I'm not familiar with what convention for reference length/area is appropriate in this case either for a long train. I would take projected frontal area or total frontal area. Length could be either the physical length or width of the train depending on interpretation.

 ma3ou2 April 26, 2012 08:44

1 Attachment(s)
if i have use this B.C.
of course velocity inlet1=velocity inlet2=v relative
(side+oncoming flow air)
is it correct???
noticed that domain is not square

 LuckyTran April 26, 2012 08:48

Quote:
 Originally Posted by ma3ou2 (Post 357182) if i have use this B.C. of course velocity inlet1=velocity inlet2=v relative (side+oncoming flow air) is it correct??? noticed that domain is not square
both should have the complete relative velocity. this is again referring to the "it is really one wind" statement I made earlier.

Try to imagine the wind coming from two ways, how can wind do that?

Also if you try to run the case as is, your domain extends are probably restricting the flow and you may encounter convergence difficulties or inaccurate solutions. You need to move your inlets and outlets further away from the vehicle.

 ma3ou2 April 26, 2012 08:57

Quote:
 Originally Posted by LuckyTran (Post 357183) both should have the complete relative velocity. this is again referring to the "it is really one wind" statement I made earlier. Try to imagine the wind coming from two ways, how can wind do that? Also if you try to run the case as is, your domain extends are probably restricting the flow and you may encounter convergence difficulties or inaccurate solutions. You need to move your inlets and outlets further away from the vehicle.
therefore the best choice is a rectangular domain with rotating model train?

 LuckyTran April 26, 2012 09:07

Quote:
 Originally Posted by ma3ou2 (Post 357184) therefore the best choice is a rectangular domain with rotating model train?
If you define both inlets to have the same oncoming + crosswind velocity correctly then they are essentially the same whether or not you rotate the model train. However, now your velocity inlet is too close to the train and may produce wrong results. If you are desperately short on time and need it done really fast this is what I would recommend as you do not need to redo the meshing.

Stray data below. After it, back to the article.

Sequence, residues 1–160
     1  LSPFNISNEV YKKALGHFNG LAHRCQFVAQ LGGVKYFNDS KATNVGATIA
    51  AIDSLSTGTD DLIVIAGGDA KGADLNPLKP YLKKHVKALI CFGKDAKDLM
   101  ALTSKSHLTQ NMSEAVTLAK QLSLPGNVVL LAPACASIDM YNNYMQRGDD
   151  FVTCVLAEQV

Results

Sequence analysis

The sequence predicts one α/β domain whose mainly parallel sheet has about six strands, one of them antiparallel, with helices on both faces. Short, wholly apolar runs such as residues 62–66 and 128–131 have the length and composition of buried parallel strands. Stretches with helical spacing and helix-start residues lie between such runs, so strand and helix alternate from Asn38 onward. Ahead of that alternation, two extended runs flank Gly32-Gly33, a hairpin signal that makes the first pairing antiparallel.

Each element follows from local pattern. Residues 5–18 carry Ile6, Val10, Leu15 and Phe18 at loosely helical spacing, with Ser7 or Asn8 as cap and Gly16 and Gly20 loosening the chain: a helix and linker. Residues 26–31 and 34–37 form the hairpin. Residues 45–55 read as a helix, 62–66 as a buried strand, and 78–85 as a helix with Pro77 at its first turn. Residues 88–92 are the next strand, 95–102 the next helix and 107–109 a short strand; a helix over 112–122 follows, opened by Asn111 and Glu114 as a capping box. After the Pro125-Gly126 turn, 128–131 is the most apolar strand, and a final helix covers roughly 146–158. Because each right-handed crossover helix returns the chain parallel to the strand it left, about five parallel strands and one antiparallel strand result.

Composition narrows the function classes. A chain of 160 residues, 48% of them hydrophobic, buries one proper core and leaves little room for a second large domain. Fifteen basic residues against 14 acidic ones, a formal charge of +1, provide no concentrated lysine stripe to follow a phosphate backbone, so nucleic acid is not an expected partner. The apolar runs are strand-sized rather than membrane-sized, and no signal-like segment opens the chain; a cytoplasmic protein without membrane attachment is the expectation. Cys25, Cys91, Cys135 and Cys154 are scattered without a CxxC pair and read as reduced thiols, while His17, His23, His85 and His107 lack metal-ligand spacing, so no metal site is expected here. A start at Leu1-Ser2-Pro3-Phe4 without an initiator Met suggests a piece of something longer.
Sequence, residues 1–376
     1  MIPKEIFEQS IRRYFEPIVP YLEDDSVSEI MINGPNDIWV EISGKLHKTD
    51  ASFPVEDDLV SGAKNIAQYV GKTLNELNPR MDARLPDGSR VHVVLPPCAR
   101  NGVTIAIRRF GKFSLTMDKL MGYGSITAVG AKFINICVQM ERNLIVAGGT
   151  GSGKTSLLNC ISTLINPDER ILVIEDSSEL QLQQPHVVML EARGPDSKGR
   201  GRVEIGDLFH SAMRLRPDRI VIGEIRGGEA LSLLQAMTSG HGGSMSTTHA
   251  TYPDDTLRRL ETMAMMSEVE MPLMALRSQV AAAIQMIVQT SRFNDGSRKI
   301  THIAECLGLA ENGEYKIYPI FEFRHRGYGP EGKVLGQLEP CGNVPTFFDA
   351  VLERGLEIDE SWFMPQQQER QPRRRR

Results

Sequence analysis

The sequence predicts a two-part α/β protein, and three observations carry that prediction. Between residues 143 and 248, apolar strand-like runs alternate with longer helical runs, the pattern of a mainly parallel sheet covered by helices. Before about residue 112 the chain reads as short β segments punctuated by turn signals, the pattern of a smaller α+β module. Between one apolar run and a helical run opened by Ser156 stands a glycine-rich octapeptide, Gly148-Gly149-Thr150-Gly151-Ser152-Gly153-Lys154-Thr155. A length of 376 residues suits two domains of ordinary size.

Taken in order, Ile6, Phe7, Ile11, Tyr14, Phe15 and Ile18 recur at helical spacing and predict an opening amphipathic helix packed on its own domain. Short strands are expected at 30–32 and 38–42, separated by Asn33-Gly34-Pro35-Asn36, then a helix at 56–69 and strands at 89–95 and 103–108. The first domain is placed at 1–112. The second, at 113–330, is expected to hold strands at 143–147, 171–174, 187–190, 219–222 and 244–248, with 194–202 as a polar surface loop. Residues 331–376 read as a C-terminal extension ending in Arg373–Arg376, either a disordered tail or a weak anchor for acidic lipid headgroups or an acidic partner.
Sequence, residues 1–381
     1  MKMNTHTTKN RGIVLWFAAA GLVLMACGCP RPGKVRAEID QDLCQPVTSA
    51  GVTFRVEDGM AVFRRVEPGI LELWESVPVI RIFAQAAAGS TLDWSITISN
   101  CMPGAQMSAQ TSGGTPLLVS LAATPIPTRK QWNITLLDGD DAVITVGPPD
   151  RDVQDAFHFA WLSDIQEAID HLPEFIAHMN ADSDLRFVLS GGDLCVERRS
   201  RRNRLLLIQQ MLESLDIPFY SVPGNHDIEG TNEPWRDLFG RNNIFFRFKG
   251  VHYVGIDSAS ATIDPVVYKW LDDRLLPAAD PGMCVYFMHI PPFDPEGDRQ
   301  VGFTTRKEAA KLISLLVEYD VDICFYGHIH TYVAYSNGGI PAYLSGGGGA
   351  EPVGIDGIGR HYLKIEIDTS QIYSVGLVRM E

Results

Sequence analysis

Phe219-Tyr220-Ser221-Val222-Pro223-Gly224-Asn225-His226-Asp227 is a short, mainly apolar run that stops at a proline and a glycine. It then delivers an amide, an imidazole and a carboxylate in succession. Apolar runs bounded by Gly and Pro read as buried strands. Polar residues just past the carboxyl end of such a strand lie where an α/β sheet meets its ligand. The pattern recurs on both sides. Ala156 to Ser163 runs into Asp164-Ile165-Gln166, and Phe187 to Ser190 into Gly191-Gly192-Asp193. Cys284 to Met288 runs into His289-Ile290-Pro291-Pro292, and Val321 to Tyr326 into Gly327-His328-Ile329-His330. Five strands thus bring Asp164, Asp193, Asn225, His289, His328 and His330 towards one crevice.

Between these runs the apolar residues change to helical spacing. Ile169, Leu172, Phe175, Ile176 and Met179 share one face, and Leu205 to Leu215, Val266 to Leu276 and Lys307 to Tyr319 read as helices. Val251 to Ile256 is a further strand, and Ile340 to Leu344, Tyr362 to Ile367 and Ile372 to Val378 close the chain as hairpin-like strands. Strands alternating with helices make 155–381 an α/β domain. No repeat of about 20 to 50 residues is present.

However I would still recommend the setup that Zigainer showed. It is much better. Also note, even with this approach, I still would recommend that the width of the domain be extended slightly. With the purely oncoming wind the lateral spreading of the influence of the car is symmetrical and therefore small. With the crosswind there is a chance for more lateral effects as the flow may have a tendency to turn towards the train.

 Zigainer April 26, 2012 16:15

Quote:
 Originally Posted by LuckyTran (Post 357187) Also note, even with this approach, I still would recommend that the width of the domain be extended slightly.
My draft is not scaled correctly, itīs rather to show what I mean with rotated car.
As LuckyTran mentioned be sure that there is enough space/mesh for your wind to develop. If itīs to small, the wall will affect your flow over your car. So make it wide enough.
Your "approach" with two inlets and two outlets is not really good. Could be hard to get good results. Just imagine that at the corner your inlet is just next to the outlet and thats a thing you do not want! So go for the rotated car/train with a wide enough surrounding. It would be better if itīs too wide than too mall (of course you can use a coarser grid far away of the car and therefore you cell number should not be increased to much).

 ma3ou2 April 27, 2012 01:43

can u tell me which one of 2 method is the best?
1-moving train body + crosswind
2-stationary train body + relative wind(cross+oncoming wind)

if 2 method give 1conclusion ?